YOU ARE HERE: LAT HomeCollections

Clemens Aware of Cy Young Curse : He Wins Award, Hopes to Avoid Pitfalls That Go With It

November 13, 1986|United Press International

BOSTON — Roger Clemens of the Boston Red Sox is well aware of the hardships that have befallen previous American League Cy Young Award winners. He said Wednesday he will work extra hard to avoid a similar fate.

The previous seven AL Cy Young Award winners suffered disappointing seasons the following year, and three of them--Steve Stone, Pete Vuckovich and Bret Saberhagen--suffered serious arm injuries.

"That gives me something to shoot for, to try and knock off those gremlins," Clemens said via a telephone conference call from his home in Katy, Tex. "Past Cy Young winners have had tough years, and it will be tough to win it back-to-back. Cy Young is an award for the best pitcher, and I will rank up there with my heroes."

The 24-year-old received all the first-place votes cast by the 28 voting members of the Baseball Writers Assn. of America--two from each AL city--to become only the third unanimous winner in AL history. Denny McLain of the Detroit Tigers in 1968 and Ron Guidry of the New York Yankees in 1978 also won unanimously.

Ted Higuera of the Milwaukee Brewers finished second with 42 points, and Mike Witt of the California Angels was third with 35 points. Each voter was asked to name three pitchers in order of preference, with points awarded on a 5-3-1 basis for votes from first through third.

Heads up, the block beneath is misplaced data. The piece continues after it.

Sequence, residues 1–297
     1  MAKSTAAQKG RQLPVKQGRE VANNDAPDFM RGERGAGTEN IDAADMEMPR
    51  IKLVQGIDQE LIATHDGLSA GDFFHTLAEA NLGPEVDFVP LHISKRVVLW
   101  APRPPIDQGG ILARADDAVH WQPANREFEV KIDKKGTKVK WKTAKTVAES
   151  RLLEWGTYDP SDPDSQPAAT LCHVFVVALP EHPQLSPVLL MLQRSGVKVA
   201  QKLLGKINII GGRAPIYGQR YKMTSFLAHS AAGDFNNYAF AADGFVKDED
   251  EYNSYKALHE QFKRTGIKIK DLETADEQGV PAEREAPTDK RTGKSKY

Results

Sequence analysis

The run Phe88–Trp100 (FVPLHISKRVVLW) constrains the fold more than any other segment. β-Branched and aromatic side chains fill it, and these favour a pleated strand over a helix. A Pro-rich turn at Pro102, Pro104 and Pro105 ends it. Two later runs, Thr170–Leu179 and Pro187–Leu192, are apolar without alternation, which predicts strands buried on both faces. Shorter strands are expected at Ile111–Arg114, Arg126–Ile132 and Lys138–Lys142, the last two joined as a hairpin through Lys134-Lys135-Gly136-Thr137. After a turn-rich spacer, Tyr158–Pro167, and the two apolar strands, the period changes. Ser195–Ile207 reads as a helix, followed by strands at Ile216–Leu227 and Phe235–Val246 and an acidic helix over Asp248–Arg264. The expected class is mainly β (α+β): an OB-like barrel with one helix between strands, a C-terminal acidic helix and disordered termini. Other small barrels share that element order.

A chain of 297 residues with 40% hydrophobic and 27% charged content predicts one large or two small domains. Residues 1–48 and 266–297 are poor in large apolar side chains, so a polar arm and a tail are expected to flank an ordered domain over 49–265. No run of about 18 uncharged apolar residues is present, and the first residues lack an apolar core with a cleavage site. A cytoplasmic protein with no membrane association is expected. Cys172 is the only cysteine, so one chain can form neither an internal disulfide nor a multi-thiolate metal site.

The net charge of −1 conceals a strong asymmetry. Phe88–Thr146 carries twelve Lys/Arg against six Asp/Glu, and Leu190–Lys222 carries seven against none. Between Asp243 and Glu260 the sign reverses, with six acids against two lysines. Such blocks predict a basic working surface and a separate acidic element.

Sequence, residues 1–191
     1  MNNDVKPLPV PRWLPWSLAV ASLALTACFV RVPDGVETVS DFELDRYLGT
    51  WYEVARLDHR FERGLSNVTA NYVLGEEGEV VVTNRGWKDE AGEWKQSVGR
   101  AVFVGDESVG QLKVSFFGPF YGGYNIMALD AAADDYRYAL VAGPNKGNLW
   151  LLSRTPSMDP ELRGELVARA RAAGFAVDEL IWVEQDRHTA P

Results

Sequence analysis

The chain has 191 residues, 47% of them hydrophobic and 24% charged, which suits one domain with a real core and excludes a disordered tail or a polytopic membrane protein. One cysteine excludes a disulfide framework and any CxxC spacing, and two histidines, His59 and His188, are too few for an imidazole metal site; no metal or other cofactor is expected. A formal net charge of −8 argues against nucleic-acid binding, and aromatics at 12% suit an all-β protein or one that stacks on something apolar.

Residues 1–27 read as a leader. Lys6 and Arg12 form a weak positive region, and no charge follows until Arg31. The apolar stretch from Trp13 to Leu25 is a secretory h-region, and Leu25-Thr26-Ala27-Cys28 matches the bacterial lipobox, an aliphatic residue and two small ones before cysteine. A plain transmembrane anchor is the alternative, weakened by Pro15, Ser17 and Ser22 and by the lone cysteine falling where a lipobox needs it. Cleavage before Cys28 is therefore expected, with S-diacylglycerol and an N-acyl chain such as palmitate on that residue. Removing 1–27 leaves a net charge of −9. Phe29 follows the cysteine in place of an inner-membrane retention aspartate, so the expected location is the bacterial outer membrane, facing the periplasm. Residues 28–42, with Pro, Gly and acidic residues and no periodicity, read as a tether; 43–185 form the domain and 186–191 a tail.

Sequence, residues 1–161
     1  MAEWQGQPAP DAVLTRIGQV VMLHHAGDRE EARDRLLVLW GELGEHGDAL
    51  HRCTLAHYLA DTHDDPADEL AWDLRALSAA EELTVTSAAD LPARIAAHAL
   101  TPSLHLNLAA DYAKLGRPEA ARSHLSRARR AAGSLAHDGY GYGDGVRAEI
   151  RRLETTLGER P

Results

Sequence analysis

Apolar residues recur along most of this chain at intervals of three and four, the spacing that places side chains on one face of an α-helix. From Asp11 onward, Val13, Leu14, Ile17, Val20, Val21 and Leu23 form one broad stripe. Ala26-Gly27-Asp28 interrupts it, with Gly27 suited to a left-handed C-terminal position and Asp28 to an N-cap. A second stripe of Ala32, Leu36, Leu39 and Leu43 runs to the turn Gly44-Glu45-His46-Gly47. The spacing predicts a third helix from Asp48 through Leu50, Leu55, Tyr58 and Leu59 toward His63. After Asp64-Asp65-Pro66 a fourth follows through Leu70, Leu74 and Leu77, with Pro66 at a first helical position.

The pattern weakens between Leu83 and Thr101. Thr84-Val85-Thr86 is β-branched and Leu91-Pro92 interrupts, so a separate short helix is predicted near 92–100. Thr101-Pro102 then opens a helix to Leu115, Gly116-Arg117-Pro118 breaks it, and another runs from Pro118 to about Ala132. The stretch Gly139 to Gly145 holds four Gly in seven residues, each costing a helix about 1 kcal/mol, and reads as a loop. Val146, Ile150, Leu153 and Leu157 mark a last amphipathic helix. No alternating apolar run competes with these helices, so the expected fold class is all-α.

Others receiving votes were Dave Righetti of the Yankees (20 points), Jack Morris of the Tigers (13) and rookie Mark Eichhorn of the Toronto Blue Jays (2).

Clemens is only the second Boston pitcher ever to win the Cy Young Award. The first one was Jim Lonborg in 1967, and Lonborg, too, suffered a serious injury the following winter when he tore up his knee skiing at Lake Tahoe. After posting a 22-9 record in 1967, he fell to 6-10 in 1968 and did not win in double figures again until 1971.

Clemens said his contract will prevent him from repeating Lonborg's fate.

"My contract says I can't go skiing," Clemens said. "The contract also says I can't do jujitsu, play basketball, water ski, sky dive, hang-glide, parachute, ride motorcycles or go roller skating."

Clemens said one thing he can do is run, so he plans to enter the Houston Marathon, scheduled for late January.

The right-hander, who compiled the major leagues' best record of 24-4, is remaining at his home because his wife, Debbie, expects to give birth to their first child during the next 10 to 14 days.

"These honors are great, but in a heartbeat I would trade them all to be wearing that world championship ring," said Clemens, whose Red Sox were beaten by the New York Mets after coming within one strike of winning the World Series.

In his first full season with the Red Sox, Clemens set a major league record by striking out 20 batters in a 3-1 victory over Seattle last April 29. He won 14 games before absorbing his first loss in a 4-2 defeat by Toronto on July 2. He beat every team in the league at least once while leading the AL with a 2.48 earned-run average and finishing second to Seattle's Mark Langston in strikeouts, 245 to 238.

Los Angeles Times Articles